With this playful, poetic simplicity, Self explores a plethora of social implications. What does a home symbolise? What is the role of the home in our collective consciousness? What does it mean to take a seat at the table, or to bring the domestic setting into the public sphere? “The home has two realities,” says Self. “An aspirational reality – a place of comfort, interiority and true self-expression. Then in reality it’s a place full of expectations, where people have to take on roles.” Here, the home operates as a set, a place where dynamics entangle – not unlike the brightly coloured, harlequin-patterned stage on which Self presented Sounding Board, an overblown comic domestic drama that debuted at Performa 2021 Biennial in New York City. (Sounding Board is now being exhibited as part of the Eastcastle Street show.) The cast and singers wore pieces from Self’s tie-dyed and patchwork-inspired collaboration with fuzzy footwear brand Ugg. “I like the idea of wearable art,” Self says of such collaborations. 

Fashion plays a significant role in her applique paintings, too – their very construction being from scraps of discarded textiles, much of which was collected and kept by her mother, who was a dedicated seamstress in her spare time (she and Self’s father were both teachers in Harlem – Self’s four siblings have followed suit). At Eastcastle one can observe an entirely velvet woman (Red Room) – crushed, silvery black velvet all over, with a bralet embroidered from lurex silver and copper flowers; the kind you’d find on ruched party dresses for sale on a market stall. “I find her to be a mischievous character in the show, so there’s this idea that she’s slippery – silky and inviting,” says Self.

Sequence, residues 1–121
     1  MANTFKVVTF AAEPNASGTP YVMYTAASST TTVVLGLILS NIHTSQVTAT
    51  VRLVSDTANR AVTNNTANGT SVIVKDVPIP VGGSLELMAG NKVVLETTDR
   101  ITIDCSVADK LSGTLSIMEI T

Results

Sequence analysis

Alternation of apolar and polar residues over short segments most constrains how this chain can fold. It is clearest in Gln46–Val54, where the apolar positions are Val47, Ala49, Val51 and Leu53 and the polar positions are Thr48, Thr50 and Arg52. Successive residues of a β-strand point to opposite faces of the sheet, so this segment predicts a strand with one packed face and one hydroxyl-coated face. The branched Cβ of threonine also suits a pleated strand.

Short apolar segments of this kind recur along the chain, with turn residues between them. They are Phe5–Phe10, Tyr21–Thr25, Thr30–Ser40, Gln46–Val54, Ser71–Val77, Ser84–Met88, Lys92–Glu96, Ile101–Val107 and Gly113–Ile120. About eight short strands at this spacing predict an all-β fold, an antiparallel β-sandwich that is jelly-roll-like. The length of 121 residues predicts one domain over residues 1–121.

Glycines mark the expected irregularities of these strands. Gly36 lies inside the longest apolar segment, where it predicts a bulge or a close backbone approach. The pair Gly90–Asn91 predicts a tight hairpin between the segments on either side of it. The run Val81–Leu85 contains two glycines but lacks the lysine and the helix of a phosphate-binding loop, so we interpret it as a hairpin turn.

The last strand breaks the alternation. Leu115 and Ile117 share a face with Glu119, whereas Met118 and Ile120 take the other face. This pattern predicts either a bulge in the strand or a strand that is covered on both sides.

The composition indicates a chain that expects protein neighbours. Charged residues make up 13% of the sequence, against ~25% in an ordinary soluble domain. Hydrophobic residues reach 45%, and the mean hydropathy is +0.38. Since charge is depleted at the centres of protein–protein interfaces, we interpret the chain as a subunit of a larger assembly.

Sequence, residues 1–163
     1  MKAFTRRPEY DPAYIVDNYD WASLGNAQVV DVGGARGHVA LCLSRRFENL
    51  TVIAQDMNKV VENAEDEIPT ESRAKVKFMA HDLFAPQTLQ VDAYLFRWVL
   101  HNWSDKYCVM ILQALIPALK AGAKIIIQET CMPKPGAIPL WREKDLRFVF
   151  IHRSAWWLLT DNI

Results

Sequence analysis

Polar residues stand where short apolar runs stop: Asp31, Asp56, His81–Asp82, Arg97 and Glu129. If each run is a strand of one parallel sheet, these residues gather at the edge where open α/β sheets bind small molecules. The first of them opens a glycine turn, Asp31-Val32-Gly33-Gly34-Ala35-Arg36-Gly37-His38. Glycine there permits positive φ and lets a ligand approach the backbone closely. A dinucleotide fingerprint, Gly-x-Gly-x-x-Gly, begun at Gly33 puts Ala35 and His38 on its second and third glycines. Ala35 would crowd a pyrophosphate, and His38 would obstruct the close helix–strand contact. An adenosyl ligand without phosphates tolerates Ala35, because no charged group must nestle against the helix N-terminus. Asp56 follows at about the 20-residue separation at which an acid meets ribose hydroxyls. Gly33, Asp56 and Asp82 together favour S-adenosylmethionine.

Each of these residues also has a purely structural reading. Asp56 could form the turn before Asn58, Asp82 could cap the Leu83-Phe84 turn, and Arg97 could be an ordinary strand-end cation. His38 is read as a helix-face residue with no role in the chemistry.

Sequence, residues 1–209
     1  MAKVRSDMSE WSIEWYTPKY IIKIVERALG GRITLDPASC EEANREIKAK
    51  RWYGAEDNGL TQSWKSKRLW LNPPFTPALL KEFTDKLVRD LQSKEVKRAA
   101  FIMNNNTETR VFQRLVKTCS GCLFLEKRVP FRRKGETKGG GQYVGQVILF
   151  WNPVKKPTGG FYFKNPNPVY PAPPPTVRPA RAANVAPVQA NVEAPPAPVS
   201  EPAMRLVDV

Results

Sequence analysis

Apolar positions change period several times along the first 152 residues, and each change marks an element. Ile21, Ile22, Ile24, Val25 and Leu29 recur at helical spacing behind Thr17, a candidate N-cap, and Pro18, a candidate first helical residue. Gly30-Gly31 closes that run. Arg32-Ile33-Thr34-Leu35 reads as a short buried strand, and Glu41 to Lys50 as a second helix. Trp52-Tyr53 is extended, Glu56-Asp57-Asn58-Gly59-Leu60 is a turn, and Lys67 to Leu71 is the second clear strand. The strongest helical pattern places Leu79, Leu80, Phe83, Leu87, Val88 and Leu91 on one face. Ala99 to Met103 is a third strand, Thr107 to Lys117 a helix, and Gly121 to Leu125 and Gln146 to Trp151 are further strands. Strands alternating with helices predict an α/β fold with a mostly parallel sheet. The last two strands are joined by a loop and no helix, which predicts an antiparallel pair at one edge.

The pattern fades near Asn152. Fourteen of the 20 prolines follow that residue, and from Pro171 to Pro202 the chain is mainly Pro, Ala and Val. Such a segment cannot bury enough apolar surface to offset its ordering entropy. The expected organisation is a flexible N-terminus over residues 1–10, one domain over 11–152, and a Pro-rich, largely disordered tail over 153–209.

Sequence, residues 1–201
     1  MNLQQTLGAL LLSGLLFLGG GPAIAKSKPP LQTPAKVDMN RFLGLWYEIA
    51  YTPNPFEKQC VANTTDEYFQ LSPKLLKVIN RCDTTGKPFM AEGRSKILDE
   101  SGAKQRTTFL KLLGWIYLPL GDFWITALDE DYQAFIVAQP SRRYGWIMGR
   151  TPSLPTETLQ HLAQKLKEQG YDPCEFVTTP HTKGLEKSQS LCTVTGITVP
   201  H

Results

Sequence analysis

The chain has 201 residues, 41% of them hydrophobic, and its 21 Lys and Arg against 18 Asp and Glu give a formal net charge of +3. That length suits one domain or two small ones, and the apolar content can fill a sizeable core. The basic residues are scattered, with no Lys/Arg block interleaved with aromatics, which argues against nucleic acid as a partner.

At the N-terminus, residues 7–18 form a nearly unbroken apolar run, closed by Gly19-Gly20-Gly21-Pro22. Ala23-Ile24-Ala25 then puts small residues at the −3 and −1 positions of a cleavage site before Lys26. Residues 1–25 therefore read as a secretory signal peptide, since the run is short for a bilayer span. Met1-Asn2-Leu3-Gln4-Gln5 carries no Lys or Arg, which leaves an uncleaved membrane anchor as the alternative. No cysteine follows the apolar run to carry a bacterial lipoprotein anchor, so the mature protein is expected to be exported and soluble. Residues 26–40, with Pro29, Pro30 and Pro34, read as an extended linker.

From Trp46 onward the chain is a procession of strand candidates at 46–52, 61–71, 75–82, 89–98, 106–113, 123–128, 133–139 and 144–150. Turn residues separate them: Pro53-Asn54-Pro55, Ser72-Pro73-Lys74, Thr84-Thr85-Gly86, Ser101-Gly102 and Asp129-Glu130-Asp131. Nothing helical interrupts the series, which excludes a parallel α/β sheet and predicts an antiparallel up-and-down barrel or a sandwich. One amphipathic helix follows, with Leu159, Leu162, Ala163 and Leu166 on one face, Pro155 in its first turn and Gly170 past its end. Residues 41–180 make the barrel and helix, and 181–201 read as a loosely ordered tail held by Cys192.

That interest in fashion emanates perhaps from her fascination with the body. In a recent interview, Self expressed her interest in plastic surgery – a career in another life. “It’s an interest in the body and how it can be rearranged,” says Self. She also acknowledges the way in which the body is read; the Black female body as icon as well as the idea of physically holding space. “I watch a lot of the American plastic surgery shows – they help me understand figuration and the body in 3D. It is anatomy geared towards aesthetics. As a figurative painter, it feels entirely within my remit. There’s definitely a Frankensteinian element to my work process, cutting out the body parts – or Pygmalion maybe.” Self’s extended limbs come to mind, hands askance of the body, too long and poking out at strange angles. Buttons on clothes are scribbles, as are the wrinkles of a wrist – each line wrought with a sewing machine. Under Self’s hand bodies become flattened, 3D again, and the inverse again and again. Planes merge and one begins to lose sight of which was first – the idea of the body or its actuality. 

Home Body by Tschabalala Self is now showing at Pilar Corrias in London until 17 December 2022. Self’s sculpture is on show at the Kings Cross Estate until 31 January 2023.